The little shop was not paying. The realisation came insensibly. Winslow was not the man for definite addition and subtraction and sudden discovery. He became aware of the truth in his mind gradually, as though it had always been there. A lot of facts had converged and led him there. There was that line of cretonnes--four half-pieces--untouched, save for half a yard sold to cover a stool. There were those shirtings at 4¾d.--Bandersnatch, in the Broadway, was selling them at 2¾d.--under cost, in fact. (Surely Bandersnatch might let a man live!) Those servants’ caps, a selling line, needed replenishing, and that brought back the memory of Winslow’s sole wholesale dealers, Helter, Skelter, & Grab. Why! how about their account?
Winslow stood with a big green box open on the counter before him when he thought of it. His pale grey eyes grew a little rounder; his pale, straggling moustache twitched. He had been drifting along, day after day. He went round to the ramshackle cash-desk in the corner--it was Winslow’s weakness to sell his goods over the counter, give his customers a duplicate bill, and then dodge into the desk to receive the money, as though he doubted his own honesty. His lank forefinger, with the prominent joints, ran down the bright little calendar (“Clack’s Cottons last for All Time”). “One--two--three; three weeks an’ a day!” said Winslow, staring. “March! Only three weeks and a day. It can’t be.”
“Tea, dear,” said Mrs. Winslow, opening the door with the glass window and the white blind that communicated with the parlour.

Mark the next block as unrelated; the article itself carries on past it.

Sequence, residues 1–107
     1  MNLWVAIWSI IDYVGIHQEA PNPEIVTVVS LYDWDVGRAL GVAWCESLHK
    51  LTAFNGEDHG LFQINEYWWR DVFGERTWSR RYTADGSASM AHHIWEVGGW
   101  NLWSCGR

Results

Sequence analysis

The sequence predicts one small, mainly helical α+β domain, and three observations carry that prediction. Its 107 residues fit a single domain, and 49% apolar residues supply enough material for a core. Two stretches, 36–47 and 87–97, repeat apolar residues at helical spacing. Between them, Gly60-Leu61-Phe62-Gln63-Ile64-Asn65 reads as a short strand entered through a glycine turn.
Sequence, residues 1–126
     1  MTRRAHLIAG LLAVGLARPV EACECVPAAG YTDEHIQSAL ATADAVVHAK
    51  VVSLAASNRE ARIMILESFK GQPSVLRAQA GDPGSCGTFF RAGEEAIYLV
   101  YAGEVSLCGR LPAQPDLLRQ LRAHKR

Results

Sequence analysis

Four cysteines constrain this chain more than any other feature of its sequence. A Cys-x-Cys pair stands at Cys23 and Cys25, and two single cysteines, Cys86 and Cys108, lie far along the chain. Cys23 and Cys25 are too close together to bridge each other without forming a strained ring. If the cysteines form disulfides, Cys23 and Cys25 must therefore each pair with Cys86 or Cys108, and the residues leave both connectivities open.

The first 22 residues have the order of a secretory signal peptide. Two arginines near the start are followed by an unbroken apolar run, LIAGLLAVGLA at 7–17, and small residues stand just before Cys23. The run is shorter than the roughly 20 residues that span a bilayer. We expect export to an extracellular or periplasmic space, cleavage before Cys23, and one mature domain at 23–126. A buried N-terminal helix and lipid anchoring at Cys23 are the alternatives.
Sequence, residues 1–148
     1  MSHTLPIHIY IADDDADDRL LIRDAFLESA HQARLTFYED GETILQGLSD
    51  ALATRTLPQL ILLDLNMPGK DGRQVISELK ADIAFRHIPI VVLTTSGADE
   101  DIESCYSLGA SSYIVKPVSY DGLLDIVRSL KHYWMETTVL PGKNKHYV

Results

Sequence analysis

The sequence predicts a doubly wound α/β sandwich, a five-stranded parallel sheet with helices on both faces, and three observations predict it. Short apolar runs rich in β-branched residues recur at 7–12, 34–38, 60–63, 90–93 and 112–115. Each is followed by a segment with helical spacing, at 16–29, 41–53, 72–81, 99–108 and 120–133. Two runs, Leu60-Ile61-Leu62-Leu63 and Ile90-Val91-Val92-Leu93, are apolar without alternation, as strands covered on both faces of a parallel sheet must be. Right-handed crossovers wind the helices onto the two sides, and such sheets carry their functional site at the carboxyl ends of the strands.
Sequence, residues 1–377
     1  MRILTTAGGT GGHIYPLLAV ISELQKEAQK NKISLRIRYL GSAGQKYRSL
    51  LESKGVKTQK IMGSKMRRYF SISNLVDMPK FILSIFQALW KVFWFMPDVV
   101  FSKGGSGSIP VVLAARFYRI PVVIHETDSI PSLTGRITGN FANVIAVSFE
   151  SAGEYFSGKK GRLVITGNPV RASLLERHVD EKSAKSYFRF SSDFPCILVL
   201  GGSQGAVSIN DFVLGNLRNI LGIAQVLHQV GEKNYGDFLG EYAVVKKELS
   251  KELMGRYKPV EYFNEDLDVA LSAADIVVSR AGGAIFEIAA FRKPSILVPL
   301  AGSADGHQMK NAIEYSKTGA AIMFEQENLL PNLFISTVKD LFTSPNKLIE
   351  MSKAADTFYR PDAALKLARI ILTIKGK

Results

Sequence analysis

“One minute,” said Winslow, and began unlocking the desk.
An irritable old gentleman, very hot and red about the face, and in a heavy fur-lined cloak, came in noisily. Mrs. Winslow vanished.
“Ugh!” said the old gentleman. “Pocket-handkerchief.”
“Yes, sir,” said Winslow. “About what price”--
“Ugh!” said the old gentleman. “Poggit-handkerchief, quig!”
Winslow began to feel flustered. He produced two boxes.
“These, sir”--began Winslow.
“Sheed tin!” said the old gentleman, clutching the stiffness of the linen. “Wad to blow my nose--not haggit about.”
“A cotton one, p’raps, sir?” said Winslow.
“How much?” said the old gentleman over the handkerchief.
“Sevenpence, sir. There’s nothing more I can show you? No ties, braces--?”
“Damn!” said the old gentleman, fumbling in his ticket-pocket, and finally producing half a crown. Winslow looked round for his little metallic duplicate-book which he kept in various fixtures, according to circumstances, and then he caught the old gentleman’s eye. He went straight to the desk at once and got the change, with an entire disregard of the routine of the shop.
Winslow was always more or less excited by a customer. But the open desk reminded him of his trouble. It did not come back to him all at once. He heard a finger-nail softly tapping on the glass, and, looking up, saw Minnie’s eyes over the blind. It seemed like retreat opening. He shut and locked the desk, and went into the little room to tea.